A little later in answering this, but as someone who has answered a lot of food safety questions on this site and who has spent a lot of time reading detailed scientific sources on food safety in the process of writing answers, I can conclusively say a few things:
Most people's intuition about food safety is wrong in many cases. They may be right in most cases, but there are a lot of myths out there (both about what is "safe" and what is "unsafe"). You can just look to the history of questions I've answered to see quite a few bits of misinformation that are out there. A couple classic examples: people are bizarrely overly concerned about mayonnaise when commercial mayo isn't dangerous at room temperature (but mayo-based dishes often are, because of other ingredients), while people blithely leave leftovers on the counter to cool thinking that cooked food is "sterile," when some of the most common causes of food poisoning come from mishandling of leftovers (which often still contain bacteria that can grow rapidly). I've certainly discovered quite a few new facts about food safety myself in the process of researching answers here.
Most people adopt an attitude of "I've always done it this way, and nothing bad happened." Except food safety guidelines are trying to mitigate problems in very general cases that may not be ideal circumstances. Sometimes people are just "lucky"... and sometimes they aren't as lucky as they think, which leads to...
Foodborne illnesses are incredibly common and tend to be underreported. For one thing, the "24-hour stomach flu" that people often complain about "going around," is much more frequently due to food poisoning or food-borne illness than to other causes (and certainly not influenza, which is a primarily respiratory ailment). People have a lot of "stomach bugs" and "bad nights" due to food poisoning, which often requires a day or two (or sometimes several days) to incubate after the food has been consumed. Foodborne illnesses may rarely be life-threatening, but they are incredibly common -- much more so than people think. Maybe you've always been defrosting chicken on the counter and "nothing bad happened," except for the time that the family came down with a "stomach bug" a few days after and you didn't make the connection.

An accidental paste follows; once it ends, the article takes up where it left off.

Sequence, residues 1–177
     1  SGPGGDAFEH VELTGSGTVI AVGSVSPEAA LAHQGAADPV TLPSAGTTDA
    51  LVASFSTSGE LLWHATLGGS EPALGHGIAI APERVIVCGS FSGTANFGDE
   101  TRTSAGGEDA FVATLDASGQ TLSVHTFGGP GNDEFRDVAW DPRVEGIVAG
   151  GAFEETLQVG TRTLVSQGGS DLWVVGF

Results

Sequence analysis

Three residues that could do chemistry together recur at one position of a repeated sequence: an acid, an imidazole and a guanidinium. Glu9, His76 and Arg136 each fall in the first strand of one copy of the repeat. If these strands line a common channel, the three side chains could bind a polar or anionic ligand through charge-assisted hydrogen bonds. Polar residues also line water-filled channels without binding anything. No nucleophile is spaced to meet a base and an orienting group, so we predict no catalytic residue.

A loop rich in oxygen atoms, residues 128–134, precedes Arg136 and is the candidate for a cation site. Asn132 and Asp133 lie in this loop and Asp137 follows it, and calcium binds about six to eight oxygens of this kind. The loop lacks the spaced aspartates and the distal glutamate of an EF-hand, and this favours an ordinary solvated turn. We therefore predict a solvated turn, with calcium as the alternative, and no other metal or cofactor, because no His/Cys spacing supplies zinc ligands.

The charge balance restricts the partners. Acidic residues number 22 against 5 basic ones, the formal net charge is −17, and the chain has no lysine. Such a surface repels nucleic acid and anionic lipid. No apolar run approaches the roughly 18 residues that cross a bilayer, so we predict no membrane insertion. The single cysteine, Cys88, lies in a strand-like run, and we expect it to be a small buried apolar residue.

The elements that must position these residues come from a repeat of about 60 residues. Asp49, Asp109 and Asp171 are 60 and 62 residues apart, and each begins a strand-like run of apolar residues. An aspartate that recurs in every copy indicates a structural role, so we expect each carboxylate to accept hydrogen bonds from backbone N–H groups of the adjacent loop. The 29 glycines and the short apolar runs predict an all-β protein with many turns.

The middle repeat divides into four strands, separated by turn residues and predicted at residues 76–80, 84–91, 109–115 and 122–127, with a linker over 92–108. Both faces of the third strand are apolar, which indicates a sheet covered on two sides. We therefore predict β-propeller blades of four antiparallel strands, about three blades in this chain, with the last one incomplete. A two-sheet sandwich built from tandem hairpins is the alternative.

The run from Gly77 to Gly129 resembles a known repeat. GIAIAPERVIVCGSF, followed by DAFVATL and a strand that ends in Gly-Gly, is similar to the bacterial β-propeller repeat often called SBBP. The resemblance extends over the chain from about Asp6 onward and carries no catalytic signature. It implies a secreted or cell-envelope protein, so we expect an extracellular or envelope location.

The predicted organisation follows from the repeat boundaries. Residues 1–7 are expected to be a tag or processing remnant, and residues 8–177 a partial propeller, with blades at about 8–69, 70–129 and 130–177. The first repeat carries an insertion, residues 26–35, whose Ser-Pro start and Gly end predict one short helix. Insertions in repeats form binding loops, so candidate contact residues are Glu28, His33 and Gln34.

However, with that last point stated, it's also true that a lot of people at some point in their lives has a truly horrific bout of illness that they attribute to food poisoning. I myself had one in the past year, and from various characteristics of what happened, I'm pretty sure it was food poisoning. I almost went to the hospital, but I gave it 24 hours, and it eventually passed. Yet I would give almost anything never to experience a night like that again. And I'm incredibly cautious with food myself. (The food I'm blaming was not prepared by me, but I later found out some details about its preparation.)
So, I'd say an experience like that would be enough to drive me to ask a question on this site, just to "make sure" about something. Some people read something and realize point (1) -- that the vast majority of people have terrible intuitions about food safety, so they want to check about something related to something they've heard.
And yes, some questions are likely due to paranoia due to various food safety scares on the news.
I'll just end by saying that I'm glad people ask such questions here. Food safety is NOT intuitive. In many cases, it defies "common sense" principles or at least standard kitchen "lore" that's passed down. I still remember the first surprising food safety myth I encountered: about people getting sick from leftover Chinese food. Most people assume it's the meat or the sauce, but it's much, much more likely you're getting sick from the rice (which tends to harbor bacteria that can take on spore form during cooking and then proliferates when left at room temperature to cool, producing toxins that are hard to get rid of even on reheating).
Who gets sick from rice? A lot of people, it turns out. Ever since, I've been fascinated by food safety, and I hope to educate people about it.
Historically, foodborne illness was one of the largest killers of children, old people, and anyone with compromised immune systems. We've made a lot of progress due to better sanitation and better food-handling practices, but when the question here acts like lack of refrigeration is just a minor concern -- it's not. Making food truly safe without refrigeration is very complicated, and lots of people in the past (and still in many cultures today) spend a lot of days feeling ill because of problems caused by food. Is it life-threatening? Not in most cases. In most cases, it's just some minor digestive discomfort that goes away in a few hours. But it could be avoided.
I agree with the last sentence of the question: compared to various risks people take on an everyday basis, minor foodborne illness is probably not something people should fret about. On the other hand, the vast majority of it is easily preventable with simple guidelines, which is why we have some standard answers that get used for a large number of food safety questions that appear on this site.
Still, I'd rather that those people ask questions here, instead of spending a night like I had a few months ago... if only the person who prepared my food had understood the need for refrigeration in part of the food prep...